Ephesians 5:18

18 And be not drunk with wine, wherein is excess; but be filled with the Spirit; [Emphasis added]

However, over a period of years of study I began to have many questions about all of this.  Here are two:

  1. Why must I go to another author of Scripture [John, an apostle to Israel] to find the means to obeying a command given by the Apostle Paul, the apostle to the Gentiles? Could it be that these two things are not related in such a way? Could it be that the Apostle Paul’s command in Ephesians 5:18 was consistent with a similar statement he made in another writing?

Colossians 3:16

16 Let the word of Christ dwell in you richly in all wisdom; teaching and admonishing one another in psalms and hymns and spiritual songs, singing with grace in your hearts to the Lord. [Emphasis added]

Yes! Being under the influence of the Spirit of God is the same as being under the influence of the Word of God.

  1. If my sins are already completely forgiven by what Jesus Christ did at the cross, why must I also confess them for forgiveness? The explanation given was that only “positional” forgiveness was provided for ALL sins, not “experiential” forgiveness. But where is this distinction taught in the Bible? It is not! All our sins were forgiven at the cross of Christ where the complete debt for them was paid by Him.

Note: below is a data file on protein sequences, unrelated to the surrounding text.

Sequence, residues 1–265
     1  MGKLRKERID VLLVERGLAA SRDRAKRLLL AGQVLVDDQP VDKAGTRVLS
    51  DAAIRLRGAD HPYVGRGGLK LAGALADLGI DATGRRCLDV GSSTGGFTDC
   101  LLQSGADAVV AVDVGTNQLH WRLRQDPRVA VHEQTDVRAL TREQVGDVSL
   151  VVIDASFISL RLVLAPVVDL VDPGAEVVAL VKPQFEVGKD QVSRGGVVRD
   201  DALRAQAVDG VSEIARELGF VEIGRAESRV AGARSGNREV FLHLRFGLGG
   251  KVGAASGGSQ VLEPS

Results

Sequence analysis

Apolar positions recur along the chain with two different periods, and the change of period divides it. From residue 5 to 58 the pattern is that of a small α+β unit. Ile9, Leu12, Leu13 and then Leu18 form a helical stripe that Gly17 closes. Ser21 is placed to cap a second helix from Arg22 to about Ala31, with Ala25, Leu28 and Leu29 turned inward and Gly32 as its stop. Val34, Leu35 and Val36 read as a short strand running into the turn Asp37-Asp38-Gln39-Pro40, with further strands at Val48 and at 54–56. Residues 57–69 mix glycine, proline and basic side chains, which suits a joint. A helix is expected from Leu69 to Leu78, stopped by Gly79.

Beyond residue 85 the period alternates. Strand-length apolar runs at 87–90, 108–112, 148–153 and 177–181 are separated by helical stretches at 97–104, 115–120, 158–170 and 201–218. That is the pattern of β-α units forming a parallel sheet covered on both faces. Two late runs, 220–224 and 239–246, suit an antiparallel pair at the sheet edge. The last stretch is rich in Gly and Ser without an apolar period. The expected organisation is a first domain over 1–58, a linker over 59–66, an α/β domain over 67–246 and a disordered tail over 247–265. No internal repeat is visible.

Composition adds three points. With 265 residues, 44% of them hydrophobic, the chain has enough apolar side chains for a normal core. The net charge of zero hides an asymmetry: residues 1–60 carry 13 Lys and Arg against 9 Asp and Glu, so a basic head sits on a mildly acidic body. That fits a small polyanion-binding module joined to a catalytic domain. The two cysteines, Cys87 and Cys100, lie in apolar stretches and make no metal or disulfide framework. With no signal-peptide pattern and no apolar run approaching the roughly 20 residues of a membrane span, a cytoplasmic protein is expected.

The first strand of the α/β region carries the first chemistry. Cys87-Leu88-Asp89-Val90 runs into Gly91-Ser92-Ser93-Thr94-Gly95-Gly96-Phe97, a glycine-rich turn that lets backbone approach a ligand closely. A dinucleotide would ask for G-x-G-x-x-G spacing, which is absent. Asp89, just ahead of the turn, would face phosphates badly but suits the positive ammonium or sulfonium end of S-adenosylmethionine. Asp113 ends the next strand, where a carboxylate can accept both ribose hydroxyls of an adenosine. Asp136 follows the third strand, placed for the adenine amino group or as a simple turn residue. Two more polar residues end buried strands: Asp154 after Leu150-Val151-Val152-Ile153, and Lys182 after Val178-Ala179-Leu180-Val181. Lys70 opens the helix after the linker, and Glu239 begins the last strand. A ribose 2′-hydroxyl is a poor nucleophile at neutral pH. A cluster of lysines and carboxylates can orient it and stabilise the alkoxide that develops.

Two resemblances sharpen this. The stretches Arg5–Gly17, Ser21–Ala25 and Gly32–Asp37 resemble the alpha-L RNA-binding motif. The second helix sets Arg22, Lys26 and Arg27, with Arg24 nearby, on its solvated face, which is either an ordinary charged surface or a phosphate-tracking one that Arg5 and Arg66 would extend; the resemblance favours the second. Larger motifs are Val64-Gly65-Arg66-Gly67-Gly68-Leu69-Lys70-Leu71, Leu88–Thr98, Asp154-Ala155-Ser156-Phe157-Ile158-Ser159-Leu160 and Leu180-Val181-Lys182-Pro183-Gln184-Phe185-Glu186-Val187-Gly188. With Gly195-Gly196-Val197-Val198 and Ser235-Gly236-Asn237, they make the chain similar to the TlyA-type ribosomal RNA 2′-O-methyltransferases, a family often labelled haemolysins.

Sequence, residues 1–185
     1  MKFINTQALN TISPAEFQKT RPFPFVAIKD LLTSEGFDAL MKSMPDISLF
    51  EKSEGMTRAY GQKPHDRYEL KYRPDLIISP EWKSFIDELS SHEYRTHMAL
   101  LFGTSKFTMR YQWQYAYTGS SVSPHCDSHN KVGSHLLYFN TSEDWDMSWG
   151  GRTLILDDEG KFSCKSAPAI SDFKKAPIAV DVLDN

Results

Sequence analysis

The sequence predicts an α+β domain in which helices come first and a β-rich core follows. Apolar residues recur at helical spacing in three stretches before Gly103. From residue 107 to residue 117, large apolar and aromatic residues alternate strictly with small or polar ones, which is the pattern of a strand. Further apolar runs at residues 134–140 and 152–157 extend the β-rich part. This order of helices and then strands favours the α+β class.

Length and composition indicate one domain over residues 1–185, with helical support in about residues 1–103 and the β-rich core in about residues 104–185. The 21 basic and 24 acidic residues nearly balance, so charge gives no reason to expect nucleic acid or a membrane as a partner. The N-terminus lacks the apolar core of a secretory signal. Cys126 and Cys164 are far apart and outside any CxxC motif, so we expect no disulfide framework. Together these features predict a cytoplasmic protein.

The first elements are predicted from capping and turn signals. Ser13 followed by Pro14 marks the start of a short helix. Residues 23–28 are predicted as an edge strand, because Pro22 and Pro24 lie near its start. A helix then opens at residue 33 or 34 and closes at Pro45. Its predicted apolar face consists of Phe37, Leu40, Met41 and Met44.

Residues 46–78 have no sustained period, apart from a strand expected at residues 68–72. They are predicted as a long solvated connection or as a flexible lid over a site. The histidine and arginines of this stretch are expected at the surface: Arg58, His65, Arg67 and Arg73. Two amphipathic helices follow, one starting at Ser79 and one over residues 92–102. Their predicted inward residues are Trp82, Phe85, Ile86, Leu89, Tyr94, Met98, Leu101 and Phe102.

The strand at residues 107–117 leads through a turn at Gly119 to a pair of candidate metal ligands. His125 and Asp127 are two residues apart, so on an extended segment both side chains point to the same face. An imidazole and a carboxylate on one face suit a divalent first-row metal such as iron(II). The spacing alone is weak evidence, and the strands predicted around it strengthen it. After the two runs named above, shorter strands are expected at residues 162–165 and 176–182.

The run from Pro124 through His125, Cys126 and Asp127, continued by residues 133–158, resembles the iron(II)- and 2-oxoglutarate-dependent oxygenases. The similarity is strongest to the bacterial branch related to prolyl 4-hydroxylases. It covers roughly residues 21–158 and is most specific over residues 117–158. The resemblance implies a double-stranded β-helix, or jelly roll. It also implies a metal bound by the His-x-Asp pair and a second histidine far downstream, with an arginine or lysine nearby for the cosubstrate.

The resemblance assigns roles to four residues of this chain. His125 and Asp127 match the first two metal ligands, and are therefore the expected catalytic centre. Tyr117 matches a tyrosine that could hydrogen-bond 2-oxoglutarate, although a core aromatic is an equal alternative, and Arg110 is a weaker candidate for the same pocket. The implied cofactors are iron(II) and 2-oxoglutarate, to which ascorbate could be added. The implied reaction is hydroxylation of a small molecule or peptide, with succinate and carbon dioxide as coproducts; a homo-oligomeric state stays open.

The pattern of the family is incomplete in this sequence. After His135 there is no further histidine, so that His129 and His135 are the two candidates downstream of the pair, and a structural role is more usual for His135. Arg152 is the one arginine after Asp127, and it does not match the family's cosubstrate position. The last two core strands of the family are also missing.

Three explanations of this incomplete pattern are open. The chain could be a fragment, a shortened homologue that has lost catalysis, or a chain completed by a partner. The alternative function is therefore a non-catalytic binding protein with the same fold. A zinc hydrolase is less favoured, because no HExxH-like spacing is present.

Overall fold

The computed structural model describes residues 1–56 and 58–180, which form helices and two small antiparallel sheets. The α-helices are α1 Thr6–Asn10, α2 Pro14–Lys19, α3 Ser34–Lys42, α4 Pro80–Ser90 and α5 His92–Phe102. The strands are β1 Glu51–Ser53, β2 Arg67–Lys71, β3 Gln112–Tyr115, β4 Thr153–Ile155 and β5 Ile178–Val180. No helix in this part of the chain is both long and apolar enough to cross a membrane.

Ephesians 1:7

7 In whom we have redemption through his blood, the forgiveness of sins, according to the riches of his grace; [Emphasis  added]

Other writings of the Apostle Paul tell us the same thing.

Colossians 1:14

14 In whom we have redemption through his blood, even the forgiveness of sins: [Emphasis added]

Other things about our forgiveness are stated elsewhere in Paul’s writings.

Colossians 2:13

13 And you, being dead in your sins and the uncircumcision of your flesh, hath he quickened together with him, having forgiven you all trespasses; [Emphasis added]

Upon reading this, a question immediately comes to mind.  Is the Apostle John’s statement in I John 1:9 a contradiction to the Apostle Paul’s concerning forgiveness? It would certainly look that way to the casual reader.  Paul’s statements clearly present forgiveness as an existing reality for everyone apart from the need for confession.

II Corinthians 5:19

19 To wit, that God was in Christ, reconciling the world unto himself, not imputing their trespasses unto them; and hath committed unto us the word of reconciliation. [Emphasis added]

Still other passages bring out even more information pertaining to all this.

Acts 5:30-31

30 The God of our fathers raised up Jesus, whom ye slew and hanged on a tree.